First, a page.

Certificate given to Ross Johnson by the Neptune Beach Police recognizing his dramatic rescue.
Certificate given to Ross Johnson by the Neptune Beach Police recognizing his dramatic rescue.

In addition to receiving the Lifesaving Award from the City of Neptune Beach, Johnson has also been nominated for the prestigious Boy Scout Lifesaving Award. “It means a great deal to me to receive this lifesaving award from the Neptune Beach Police Department, an organization for which I have great respect and admiration as their officers put their lives on the line each and every day to protect their community,” Johnson said. “It shows how much the city of Neptune Beach cares about its citizens and visitors and appreciates those who get the opportunity to assist them.”

A dean’s list student who is entering his sophomore year at Jacksonville University on a president’s scholarship, Johnson said he didn’t think twice about whether or not to try to save the 13-year-old boy. “It just seemed that I had to or else a person was going to die. I wasn’t thinking too much about making it back or not but more about keeping the boy’s head above water. As he was pushing me under and I kept choking on saltwater, it did occur to me that if I didn’t change techniques it was quite possible I would drown myself. Thankfully, that didn’t happen. I kept going simply because I knew he would not make it back alive if I didn’t,” Johnson said, adding that he can’t imagine seeing someone in distress and not trying to help. “I am relieved that I was in the right place at the right time to be able to help out, and I’m extremely appreciative to scouting for giving me the training and confidence to be able to make the rescue. On the path to Eagle Scout, I was required to earn the Lifesaving merit badge where I learned the skills that I drew upon for this rescue. Without the scouting experience, there’s no telling how differently and tragically this situation would have turned out,” Johnson continued.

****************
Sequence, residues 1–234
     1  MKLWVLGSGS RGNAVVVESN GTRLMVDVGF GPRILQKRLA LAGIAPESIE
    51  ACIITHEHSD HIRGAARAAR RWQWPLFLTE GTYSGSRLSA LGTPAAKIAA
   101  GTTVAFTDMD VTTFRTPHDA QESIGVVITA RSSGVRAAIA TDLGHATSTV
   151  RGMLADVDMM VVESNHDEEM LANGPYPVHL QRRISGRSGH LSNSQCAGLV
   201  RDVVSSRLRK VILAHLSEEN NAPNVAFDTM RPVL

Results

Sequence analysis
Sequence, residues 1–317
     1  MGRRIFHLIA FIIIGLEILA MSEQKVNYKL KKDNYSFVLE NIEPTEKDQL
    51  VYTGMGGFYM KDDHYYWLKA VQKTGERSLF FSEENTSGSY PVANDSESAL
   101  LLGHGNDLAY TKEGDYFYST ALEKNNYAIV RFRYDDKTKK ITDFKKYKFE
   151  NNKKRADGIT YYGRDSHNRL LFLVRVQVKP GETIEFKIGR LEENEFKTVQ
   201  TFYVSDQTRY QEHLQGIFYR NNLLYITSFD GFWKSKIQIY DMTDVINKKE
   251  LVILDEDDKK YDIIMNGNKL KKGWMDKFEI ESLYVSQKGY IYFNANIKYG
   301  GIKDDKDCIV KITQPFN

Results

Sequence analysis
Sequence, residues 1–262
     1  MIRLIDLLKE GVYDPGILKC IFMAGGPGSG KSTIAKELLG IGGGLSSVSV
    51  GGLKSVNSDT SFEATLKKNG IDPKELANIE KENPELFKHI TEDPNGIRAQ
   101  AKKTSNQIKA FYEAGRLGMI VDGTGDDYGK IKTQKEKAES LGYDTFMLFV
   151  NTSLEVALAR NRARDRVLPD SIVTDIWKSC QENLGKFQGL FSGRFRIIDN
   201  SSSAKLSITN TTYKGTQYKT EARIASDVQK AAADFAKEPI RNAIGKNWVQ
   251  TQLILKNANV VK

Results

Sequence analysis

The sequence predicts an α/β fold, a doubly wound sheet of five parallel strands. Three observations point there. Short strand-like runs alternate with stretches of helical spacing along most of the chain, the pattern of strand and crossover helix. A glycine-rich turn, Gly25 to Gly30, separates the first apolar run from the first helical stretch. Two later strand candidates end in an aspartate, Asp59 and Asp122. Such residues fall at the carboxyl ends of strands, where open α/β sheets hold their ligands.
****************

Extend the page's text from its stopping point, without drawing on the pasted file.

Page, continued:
“I was not worried about not remembering the skills I had learned because in Scouts many of the drills we did intentionally involved not always having time to think too much and building the skills into your natural reactions. So, a lot of it came naturally after practicing so much in Scouts.”

Bill agreed that the training his son learned in Boy Scouts made a difference. “If he hadn’t been an Eagle Scout, he probably wouldn’t have known how to handle it,” he said.

Johnson said he is grateful to his parents for teaching him how to swim when he was a baby and giving him opportunities to be comfortable in all kinds of water. 

“I definitely recommend that everyone in our area learn basic swimming techniques because we have water all around us and this experience is a reminder that you just never know when you may be suddenly called on to use that swimming ability to assist somebody. If you are going to swim in the ocean, I would definitely recommend learning about rip currents and practicing navigating in strong surf. Knowing the basics of how to pull someone out of the water as well as keeping physically fit are invaluable. Those are some of the skills and ideals central to scouting. I would highly recommend that young people consider getting involved in an organization like scouting where they can learn lifesaving and many other skills while having a great time.” 

By Marcia Hodgson
Resident Community News